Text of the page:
to her liking, what I didn't realize then was there is a Coldwater Creek there as well.
For those who don't know, Coldwater Creek is a store for women of
all sizes. They think in terms of women, not their size. If there is an item you like in one size, that item is
also available in larger sizes as well. I've received many of their catalogs and have visited their online store but
never purchased anything because I've always been a little leary of catalog shopping. Well, I won't be anymore.
Did I spend some money up in there? Oh yeah. I walked
in and saw clothing I liked immediately. I went to a rack of linen blouses (I love linen) and on the rack of linen blouses
were sizes in petite, average and the so-called "Women's" (which means larger women) -- ALL ON THE SAME RACK. This
is a psychological turn on for me because it leads me to believe you thought about me in the design process; I was not an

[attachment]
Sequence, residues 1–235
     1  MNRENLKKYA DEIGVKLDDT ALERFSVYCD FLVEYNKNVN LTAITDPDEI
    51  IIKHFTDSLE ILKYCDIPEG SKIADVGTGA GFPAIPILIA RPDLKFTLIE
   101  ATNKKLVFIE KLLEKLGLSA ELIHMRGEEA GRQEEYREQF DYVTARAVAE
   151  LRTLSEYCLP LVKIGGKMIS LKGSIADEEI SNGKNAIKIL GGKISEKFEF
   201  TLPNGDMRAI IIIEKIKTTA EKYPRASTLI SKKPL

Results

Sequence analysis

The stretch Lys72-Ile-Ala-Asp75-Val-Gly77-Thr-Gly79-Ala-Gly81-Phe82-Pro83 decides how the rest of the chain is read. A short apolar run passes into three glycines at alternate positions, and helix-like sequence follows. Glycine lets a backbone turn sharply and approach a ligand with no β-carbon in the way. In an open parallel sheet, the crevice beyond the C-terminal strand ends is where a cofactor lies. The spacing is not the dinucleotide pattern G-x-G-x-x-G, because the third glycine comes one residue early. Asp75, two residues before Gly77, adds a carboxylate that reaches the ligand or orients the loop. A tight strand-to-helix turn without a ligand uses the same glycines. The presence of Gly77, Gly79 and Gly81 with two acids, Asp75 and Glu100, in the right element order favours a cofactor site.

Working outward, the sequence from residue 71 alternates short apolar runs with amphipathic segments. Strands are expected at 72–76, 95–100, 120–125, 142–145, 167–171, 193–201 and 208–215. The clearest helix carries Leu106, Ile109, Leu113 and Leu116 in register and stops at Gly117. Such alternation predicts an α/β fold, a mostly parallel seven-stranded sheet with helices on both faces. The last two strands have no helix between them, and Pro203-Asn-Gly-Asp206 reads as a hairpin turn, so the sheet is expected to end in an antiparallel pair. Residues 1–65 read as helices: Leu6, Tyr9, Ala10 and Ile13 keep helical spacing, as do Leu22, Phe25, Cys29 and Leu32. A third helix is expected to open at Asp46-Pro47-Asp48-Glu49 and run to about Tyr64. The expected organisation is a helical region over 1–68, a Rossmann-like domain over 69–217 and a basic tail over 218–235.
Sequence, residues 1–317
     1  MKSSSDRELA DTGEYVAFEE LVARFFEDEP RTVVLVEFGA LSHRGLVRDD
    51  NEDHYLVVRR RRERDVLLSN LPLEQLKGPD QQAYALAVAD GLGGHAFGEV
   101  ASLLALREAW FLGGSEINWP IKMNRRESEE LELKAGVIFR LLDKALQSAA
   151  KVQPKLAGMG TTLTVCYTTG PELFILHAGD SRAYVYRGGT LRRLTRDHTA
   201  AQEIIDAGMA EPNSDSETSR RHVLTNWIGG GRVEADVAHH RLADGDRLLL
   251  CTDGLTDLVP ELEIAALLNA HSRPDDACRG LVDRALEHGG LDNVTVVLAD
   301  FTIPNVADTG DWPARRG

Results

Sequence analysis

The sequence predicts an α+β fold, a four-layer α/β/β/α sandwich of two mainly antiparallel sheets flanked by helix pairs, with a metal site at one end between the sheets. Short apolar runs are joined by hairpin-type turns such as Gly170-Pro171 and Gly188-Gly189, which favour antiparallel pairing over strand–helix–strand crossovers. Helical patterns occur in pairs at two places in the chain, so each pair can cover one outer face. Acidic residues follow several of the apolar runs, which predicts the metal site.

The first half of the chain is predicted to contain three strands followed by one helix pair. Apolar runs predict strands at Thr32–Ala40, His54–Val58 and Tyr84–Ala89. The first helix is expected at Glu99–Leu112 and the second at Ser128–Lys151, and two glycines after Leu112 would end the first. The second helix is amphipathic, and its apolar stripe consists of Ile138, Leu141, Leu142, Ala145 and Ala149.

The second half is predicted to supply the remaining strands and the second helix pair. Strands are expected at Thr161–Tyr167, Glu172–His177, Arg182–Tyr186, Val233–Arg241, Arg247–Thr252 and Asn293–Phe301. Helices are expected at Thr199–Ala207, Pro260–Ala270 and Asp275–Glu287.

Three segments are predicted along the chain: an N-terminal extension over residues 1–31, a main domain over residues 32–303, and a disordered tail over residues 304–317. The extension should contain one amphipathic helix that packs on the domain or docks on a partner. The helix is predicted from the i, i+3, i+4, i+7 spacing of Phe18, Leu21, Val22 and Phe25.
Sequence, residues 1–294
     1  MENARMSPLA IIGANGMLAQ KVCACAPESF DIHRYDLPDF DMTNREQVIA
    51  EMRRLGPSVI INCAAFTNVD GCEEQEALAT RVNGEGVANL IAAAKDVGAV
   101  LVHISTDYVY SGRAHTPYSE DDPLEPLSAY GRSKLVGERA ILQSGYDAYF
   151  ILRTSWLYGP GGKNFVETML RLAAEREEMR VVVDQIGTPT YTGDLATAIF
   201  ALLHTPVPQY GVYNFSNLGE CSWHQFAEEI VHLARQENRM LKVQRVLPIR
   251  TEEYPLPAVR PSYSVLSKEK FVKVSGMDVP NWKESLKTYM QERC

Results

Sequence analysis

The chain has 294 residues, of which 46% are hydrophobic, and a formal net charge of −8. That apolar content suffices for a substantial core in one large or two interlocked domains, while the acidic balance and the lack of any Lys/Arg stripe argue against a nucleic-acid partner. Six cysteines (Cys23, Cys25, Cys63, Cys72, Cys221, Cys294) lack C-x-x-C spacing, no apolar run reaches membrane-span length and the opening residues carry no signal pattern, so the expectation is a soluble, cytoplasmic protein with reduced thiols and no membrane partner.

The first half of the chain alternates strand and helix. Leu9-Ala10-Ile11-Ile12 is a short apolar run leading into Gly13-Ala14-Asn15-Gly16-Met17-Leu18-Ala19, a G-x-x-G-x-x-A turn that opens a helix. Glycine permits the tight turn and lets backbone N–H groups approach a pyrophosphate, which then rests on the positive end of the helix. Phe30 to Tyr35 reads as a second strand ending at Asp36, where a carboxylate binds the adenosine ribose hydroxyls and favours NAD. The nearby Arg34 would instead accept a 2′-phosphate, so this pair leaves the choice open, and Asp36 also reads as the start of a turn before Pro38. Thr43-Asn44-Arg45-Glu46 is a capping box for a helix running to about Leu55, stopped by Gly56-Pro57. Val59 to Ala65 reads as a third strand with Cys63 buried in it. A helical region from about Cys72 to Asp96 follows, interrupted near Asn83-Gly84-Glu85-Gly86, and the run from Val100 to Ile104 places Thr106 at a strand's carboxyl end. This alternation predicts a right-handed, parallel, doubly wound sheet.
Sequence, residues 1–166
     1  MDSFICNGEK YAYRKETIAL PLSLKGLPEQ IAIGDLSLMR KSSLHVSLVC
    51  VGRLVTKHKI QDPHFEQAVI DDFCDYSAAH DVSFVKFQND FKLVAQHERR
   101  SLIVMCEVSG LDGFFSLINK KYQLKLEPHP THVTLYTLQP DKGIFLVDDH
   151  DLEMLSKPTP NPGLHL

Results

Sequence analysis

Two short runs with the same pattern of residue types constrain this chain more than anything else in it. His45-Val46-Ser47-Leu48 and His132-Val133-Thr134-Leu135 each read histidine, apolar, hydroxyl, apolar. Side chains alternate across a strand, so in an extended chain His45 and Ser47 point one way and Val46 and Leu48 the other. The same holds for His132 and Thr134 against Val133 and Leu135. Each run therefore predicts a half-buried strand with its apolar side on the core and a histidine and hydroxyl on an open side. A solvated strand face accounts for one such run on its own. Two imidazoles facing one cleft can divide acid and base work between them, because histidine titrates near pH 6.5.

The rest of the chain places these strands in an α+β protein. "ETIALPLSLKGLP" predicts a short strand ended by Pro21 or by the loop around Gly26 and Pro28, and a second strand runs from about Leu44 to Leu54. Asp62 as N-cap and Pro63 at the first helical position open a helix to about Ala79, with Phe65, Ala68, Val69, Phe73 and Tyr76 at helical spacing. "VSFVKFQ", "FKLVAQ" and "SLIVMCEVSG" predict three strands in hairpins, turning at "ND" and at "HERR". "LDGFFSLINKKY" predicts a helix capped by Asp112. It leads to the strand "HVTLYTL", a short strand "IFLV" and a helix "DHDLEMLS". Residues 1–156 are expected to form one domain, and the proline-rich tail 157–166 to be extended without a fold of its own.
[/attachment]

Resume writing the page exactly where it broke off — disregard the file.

afterthought. Too often I've gone into stores where the "Women's" department was either on another floor or
in a particular section and some of the clothes were designed for the larger size and not a woman's personal style.
In essence, they're awful.
After Coldwater, I went to the Macy's there and found some beautiful
dresses. I have always loved dresses cut on the bias because they skim the curves, shape the figure and move elegantly
with the body. I found two such dresses, tried them on, loved and purchased them. Ooo la la.
I ended my shopping experience by stopping first at Pier 1 Imports
and then off to Peet's for coffee. I sat out on the patio at Peet's to take in a little people watching before heading
home. I then played eye games with another woman sitting on the patio. Flirting can be a wonderful way to pass
the time. I tend to be a little obvious though. I will either wear a rainbow bracelet or necklace which is a giveaway